Bird the uber of electric scooters has a contract workforce too – curbed la physical science electricity review worksheet

Competitors have scrambled to add scooters to new markets, and the big three companies—Bird, LimeBike, and Spin—have more than $ 200 million in venture capital funding and aggressive expansion plans. These companies arrived unexpectedly in Nashville and Charlotte over the last few days.

Curbed spoke with four Californians in Los Angeles and the San Francisco areas who work for Bird Scooters, which launched in Santa Monica and Venice last fall. These workers, all independent contractors, represent a new facet of the gig economy, and all enjoy the job and the ability to make money with a flexible side hustle.

Bird declined to comment and wouldn’t provide Curbed with any details about the number of employees who work in these roles, how much the company is spending on charging and repairs, or any other information about this aspect of their operations. Patrick Sisson ‘Do you like to make money while you sleep?’

Residents of Venice Beach have likely spotted Bird contractors working in their neighborhood. A pick-up will drive by, with a stack of Bird scooters packed in the truck bed. Or, a scooter rider may roll by with a rider balancing two or three additional out-of-commission scooters resting perpendicular on the scooter’s deck.

These are the chargers, independent contractors who keep the electric scooters running by charging them at their homes or apartments (a competitor, LimeBike, calls them “Juicers”). One of the advantages of dockless scooter systems like Bird is decentralization; the vehicles have no fixed docks, and go where riders are. The contract workers who charge Birds do the same.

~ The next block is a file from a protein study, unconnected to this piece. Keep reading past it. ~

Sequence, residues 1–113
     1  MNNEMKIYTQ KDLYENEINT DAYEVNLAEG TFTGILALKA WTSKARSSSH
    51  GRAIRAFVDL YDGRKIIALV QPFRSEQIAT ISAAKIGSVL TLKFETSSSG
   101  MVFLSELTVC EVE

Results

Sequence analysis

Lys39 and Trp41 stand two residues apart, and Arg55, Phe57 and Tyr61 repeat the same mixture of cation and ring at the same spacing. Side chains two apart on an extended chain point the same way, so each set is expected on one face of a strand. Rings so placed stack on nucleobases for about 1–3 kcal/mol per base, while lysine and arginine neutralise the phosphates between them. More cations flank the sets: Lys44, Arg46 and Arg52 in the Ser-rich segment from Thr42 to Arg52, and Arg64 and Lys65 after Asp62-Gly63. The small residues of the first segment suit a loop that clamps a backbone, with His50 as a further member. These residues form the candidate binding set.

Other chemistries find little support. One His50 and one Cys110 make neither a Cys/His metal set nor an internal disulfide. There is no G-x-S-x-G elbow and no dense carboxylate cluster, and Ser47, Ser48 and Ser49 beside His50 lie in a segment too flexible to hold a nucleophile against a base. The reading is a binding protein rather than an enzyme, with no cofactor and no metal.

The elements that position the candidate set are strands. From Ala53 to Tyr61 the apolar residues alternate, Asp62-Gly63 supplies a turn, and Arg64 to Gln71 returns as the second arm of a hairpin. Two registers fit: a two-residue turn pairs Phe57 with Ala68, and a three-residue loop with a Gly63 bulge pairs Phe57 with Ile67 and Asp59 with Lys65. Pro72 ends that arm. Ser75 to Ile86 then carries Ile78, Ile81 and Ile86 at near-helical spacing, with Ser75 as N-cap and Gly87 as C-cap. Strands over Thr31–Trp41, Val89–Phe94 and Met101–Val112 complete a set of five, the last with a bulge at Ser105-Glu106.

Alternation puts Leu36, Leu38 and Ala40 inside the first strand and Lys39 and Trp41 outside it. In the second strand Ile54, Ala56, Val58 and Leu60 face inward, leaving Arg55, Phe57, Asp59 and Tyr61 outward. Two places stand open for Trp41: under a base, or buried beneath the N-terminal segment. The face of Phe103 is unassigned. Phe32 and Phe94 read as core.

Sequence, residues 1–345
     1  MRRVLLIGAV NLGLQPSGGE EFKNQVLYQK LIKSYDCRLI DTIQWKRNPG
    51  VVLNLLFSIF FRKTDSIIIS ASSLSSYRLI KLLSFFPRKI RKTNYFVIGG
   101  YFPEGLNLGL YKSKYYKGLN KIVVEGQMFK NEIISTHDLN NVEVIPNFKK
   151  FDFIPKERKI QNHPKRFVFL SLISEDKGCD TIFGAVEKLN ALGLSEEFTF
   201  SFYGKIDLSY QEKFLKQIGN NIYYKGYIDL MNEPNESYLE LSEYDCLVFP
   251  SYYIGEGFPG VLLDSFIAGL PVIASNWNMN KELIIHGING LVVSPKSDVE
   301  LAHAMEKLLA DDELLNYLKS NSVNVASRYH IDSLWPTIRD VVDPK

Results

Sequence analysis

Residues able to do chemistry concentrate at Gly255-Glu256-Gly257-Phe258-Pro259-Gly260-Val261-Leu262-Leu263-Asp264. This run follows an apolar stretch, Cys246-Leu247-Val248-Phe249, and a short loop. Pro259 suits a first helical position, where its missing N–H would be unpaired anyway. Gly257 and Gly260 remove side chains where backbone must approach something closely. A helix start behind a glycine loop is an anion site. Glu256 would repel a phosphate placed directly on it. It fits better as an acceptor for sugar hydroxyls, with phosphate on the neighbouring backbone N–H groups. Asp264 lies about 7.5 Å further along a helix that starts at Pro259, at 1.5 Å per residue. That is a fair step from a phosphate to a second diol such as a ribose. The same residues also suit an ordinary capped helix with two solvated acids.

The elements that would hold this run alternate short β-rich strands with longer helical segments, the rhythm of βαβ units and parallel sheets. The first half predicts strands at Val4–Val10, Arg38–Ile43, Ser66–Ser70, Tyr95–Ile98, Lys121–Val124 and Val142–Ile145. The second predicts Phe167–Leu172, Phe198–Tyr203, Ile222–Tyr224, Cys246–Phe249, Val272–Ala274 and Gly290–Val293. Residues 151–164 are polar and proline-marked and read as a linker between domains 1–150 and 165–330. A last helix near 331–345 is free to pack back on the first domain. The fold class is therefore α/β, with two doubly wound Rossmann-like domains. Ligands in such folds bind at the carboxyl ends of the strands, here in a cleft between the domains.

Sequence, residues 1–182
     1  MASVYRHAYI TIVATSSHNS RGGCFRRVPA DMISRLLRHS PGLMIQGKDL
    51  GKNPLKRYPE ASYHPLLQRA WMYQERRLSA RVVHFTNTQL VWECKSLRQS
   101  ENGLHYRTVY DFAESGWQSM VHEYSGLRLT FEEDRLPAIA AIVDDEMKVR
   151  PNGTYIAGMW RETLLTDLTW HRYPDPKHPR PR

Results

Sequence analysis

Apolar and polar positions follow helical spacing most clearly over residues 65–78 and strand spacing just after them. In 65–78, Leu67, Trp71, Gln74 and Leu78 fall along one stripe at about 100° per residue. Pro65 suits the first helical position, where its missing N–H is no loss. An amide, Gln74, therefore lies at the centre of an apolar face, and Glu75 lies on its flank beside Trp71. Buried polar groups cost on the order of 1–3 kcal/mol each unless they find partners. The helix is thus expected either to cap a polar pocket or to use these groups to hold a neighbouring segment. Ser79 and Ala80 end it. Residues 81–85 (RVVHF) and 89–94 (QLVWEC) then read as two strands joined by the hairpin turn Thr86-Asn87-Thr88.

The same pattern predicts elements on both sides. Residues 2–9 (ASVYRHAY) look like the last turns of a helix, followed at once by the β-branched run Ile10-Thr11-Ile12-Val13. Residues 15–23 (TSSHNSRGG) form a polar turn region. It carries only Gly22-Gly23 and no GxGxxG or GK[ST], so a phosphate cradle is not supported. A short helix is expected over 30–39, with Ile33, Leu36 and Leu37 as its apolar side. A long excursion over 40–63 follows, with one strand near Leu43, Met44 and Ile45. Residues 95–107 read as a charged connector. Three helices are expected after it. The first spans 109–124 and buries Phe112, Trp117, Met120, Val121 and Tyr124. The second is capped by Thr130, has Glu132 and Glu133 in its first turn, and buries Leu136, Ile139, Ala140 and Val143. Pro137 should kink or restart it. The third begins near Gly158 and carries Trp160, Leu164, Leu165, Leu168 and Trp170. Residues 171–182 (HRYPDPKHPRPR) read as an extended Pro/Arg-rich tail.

Workers sign up online or via the Bird app (the website asks, “Do you like to make money while you sleep?”). After a phone interview to discuss the job, chargers are mailed a set of charger cords—three to start, according to chargers Curbed spoke with, and more as they prove reliable and develop a good track record. Harry Campbell, who runs a website about driving for Uber and Lyft, created a step-by-step guide to becoming a charger. The company caps the numbers of cords per charger at 20, and each requires a $10 deposit.

Charged scooters need to be in a nest between 4 and 7 a.m., in groups of three with handlebars tilted to the right and kickstands down. Chargers need to snap a photo of the scooters when they release them and send to Bird to verify they’re set up correctly. Scooters need to be picked up by 8 p.m., and then the cycle continues the next day.

The chargers Curbed spoke to said it’s a great part-time gig—most worked 5 to 6 hours at most every day—and a flexible way to earn extra money. They also said the repeated charging didn’t make a serious dent on their utility costs (the company says it costs 8 to 15 cents per Bird). One estimated that a particularly busy schedule would add between $5 and $10 a month to the electric bill. How Bird scooters get fixed

According to Westell, mechanics are broken down into three categories, L1, L2, and L3. He’s an L1, and deals with basic repairs: he’ll fix flat tires, change inner tubes, loosen stuck throttles, and repair busted brake lines. Anything more serious gets passed on to different mechanics.

“There are times when people beat the shit out of the scooters because they aren’t their property,” he says. “Birds are new, but I’m sure the company will get a lot more strict once they see their product being destroyed, and having to pay for it.” Big perks

Rochelle Randle, 26, a new mom who lives in Burlingame, California, about 13 miles from San Francisco, discovered Bird when she and her partner were looking for a new way to earn some extra money. She’s been charging for a month since the company came to San Francisco, waking up around 5 a.m. to head to south San Francisco and release scooters, and then doing one or two charging shifts during the day.